Merger man

Most of us associate 1939 with the start of the Second World War. If you’re a film buff, you’ll also recognise it as the year that the movie epic Gone with the Wind was released, while radio hams are more likely to note it as heralding the invention of FM radio. In a garage in Palo Alto, California, meanwhile, a toss of the coin was deciding the name of what was to become one of the biggest and most innovative technology companies in the world.

Bill Hewlett and Dave Packard formalised their partnership on 1 January 1939. In its first year, Hewlett Packard, a two-employee company, had a revenue of $5,369, which wasn’t bad since it was founded on only $538 of working capital. More than 60 years later in 2002, and by then commonly known as just HP, it became the subject of the biggest merger in technology industry history with rival Compaq.

Merging two workforces, cultures and product lines, spanning printers and storage devices to notebook, handheld and desktop PCs, is never easy, but the global scale of the HP/Compaq merger made it a mammoth task. HP had 88,000 employees and Compaq 65,000, all spread across the globe. Mike Taylor, then working in a European training and development position for Compaq was one of the members of the Clean Room (named after the dust-free, clean areas where new micro-processors are developed), a virtual team which was assembled from both companies to plan for the merger.

“All organisations know that the success of a merger is down to the people – you have to get your people focused in the right way,” says Taylor, who after the merger became HR director for HP UK & Ireland, the largest subsidiary of HP outside the US. “So a lot of work we did in the Clean Room was to make sure we were as well-prepared as we could be for the sort of company it would be post-merger.”

Although recent quarterly earnings were below forecasts (largely attributed to poorer-than-expected sales of computer servers and storage equipment) there’s plenty of evidence to suggest that the work carried out in the Clean Room paid off.

HP serves more than a billion customers worldwide across 162 countries and had a revenue of $76.8bn for the year ended April 2004 (increasing from $45.2bn pre-merger in 2001) and is ranked 14 in the Fortune 500 (2003).

So how do you mastermind such a merger from an HR standpoint and how central was the function to the whole operation? Taylor’s role was to look at the HR model that was required and he is now implementing much of what was planned. HR’s role, he says, was and remains pivotal. “It was absolutely at the forefront of the success of the merger. Very little could happen within that first 12 months without the intervention of HR.”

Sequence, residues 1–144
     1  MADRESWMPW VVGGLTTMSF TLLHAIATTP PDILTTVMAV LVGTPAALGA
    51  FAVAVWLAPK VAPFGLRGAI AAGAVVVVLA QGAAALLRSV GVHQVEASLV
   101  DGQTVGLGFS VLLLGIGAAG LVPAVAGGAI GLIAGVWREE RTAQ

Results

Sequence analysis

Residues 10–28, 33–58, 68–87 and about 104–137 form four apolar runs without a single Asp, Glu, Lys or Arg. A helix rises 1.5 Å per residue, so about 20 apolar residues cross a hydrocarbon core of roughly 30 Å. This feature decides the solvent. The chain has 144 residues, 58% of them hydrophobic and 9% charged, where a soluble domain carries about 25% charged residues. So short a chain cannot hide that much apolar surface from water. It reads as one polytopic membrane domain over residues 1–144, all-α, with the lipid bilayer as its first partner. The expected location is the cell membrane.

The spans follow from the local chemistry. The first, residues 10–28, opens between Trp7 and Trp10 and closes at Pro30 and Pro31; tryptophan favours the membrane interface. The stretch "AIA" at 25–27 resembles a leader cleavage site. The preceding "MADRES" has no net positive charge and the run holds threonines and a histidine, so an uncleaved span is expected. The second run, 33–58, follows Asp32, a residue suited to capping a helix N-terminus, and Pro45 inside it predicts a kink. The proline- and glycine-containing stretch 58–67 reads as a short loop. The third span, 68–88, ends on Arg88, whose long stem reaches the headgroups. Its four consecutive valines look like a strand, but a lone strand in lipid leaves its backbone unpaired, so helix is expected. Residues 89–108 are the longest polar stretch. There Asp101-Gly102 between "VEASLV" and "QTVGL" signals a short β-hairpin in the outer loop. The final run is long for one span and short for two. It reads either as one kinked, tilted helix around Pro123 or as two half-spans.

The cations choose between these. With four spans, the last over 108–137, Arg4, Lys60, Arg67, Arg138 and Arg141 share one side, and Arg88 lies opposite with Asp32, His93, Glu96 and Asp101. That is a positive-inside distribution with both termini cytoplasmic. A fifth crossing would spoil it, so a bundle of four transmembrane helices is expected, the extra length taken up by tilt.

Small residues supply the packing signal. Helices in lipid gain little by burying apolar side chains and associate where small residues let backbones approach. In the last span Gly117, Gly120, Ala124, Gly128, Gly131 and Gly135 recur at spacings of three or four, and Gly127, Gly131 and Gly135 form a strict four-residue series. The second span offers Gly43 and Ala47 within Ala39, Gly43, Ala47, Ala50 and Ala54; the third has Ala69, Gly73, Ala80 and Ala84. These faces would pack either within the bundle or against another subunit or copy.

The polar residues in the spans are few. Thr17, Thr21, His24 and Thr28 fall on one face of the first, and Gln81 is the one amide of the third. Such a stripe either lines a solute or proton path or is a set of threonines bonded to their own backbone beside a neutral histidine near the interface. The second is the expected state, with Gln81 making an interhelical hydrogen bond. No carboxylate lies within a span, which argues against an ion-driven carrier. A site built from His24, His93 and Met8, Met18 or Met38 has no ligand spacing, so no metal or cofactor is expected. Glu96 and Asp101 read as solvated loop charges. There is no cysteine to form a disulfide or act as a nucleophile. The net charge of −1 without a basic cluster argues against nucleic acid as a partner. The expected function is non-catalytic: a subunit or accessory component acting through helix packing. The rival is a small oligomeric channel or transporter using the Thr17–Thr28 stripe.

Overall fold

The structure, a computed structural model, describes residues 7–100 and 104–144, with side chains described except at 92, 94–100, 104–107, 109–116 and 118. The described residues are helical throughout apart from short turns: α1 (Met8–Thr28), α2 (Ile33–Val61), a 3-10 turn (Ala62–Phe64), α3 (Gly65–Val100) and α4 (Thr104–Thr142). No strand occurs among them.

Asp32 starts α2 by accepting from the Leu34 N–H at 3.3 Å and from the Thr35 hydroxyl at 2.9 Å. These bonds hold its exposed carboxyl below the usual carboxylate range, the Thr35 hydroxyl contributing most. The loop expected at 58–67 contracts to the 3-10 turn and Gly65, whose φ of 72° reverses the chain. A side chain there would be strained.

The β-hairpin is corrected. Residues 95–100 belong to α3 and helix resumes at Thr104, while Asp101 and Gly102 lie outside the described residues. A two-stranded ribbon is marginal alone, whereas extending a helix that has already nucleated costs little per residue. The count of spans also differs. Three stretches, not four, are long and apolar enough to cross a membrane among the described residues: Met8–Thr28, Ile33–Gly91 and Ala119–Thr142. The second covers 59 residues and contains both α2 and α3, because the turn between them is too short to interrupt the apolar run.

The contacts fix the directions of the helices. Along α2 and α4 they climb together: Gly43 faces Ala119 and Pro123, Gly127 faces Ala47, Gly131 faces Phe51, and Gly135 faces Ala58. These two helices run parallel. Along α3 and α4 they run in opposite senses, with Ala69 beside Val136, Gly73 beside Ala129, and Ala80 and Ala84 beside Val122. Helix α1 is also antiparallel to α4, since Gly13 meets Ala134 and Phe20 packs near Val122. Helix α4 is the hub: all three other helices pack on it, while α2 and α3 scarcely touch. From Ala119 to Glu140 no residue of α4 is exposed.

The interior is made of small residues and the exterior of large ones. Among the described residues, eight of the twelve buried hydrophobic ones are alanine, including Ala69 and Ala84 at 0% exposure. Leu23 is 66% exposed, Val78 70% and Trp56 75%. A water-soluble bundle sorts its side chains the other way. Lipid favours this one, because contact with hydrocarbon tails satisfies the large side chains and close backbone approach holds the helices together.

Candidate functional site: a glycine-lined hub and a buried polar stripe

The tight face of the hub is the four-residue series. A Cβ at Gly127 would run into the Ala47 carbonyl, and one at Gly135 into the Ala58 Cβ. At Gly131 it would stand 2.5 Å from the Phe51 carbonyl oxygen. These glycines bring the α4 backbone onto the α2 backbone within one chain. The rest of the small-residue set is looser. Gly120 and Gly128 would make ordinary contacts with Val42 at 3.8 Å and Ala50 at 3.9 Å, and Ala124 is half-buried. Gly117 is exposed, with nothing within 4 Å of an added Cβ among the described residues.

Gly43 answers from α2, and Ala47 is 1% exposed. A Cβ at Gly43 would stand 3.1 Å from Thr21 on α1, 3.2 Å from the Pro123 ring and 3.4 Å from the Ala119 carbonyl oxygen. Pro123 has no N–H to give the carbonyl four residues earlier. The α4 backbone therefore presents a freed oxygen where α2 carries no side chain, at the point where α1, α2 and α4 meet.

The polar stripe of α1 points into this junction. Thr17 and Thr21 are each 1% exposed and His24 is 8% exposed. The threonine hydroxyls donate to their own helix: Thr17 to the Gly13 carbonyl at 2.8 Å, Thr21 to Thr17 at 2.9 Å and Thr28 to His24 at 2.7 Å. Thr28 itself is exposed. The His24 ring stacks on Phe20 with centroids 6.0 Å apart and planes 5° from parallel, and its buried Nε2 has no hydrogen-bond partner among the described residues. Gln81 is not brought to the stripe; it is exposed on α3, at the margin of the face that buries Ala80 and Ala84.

For starters, 1,500 people lost their jobs in the UK due to duplication. “It was necessary for the organisation’s survival,” says Taylor. There was also a huge amount of core HR work, which included harmonising terms and conditions and implementing new job architecture and a new performance-management system right across the organisation. “We had an HR strategy and an HR plan that tackled these issues one by one,” explains Taylor. “So we were gradually building from one level to the next.”

It was also an HR facility which became one of the most powerful tools throughout the merger. The need to focus employees meant it was vital to have the necessary communication and information channels in place. Traditional media such as posters and leaflets played their part, as did regular briefings from senior executives, but by far the most effective delivery mechanism was its intranet employee portal, @HP.

The self-service HR portal, which was originally rolled out in 2000 and has around 141,000 users, received two million hits on day one of the merger. It enabled HP to disseminate a mass of information during the run-up to the merger which included the rationale behind the move and the role employees could play within the new organisation. It also included training materials.

“[The training materials] enabled sales people, for instance, to go out and represent the company to customers in an appropriate way,” says Taylor. “So from an external perspective it all looked like it had been in place for some time.”

The portal was a 24/7 tool which helped prepare for the merger, but the company also put a raft of other initiatives in place. The most significant of these from a people perspective was its Fast Start seminars. At the planning phase, the Clean Room team constructed training modules that managers could use to get their newly appointed team up to speed on the company. “It took them through the culture and strategy of the new organisation but they were also intended to drive out some of the underlying thoughts and feelings in people’s minds and help them understand what the expectations of the team and the manager were,” explains Taylor.

Such underlying concerns stemmed from issues such as how teams would operate at a local level and how they would be expected to function. Employees also wanted to know what the decision-making process would be and what the product lines comprised, as well as how they would be supported. “The seminars worked at a strategic level but were also tactical to get people thinking about how they were going to operate,” says Taylor.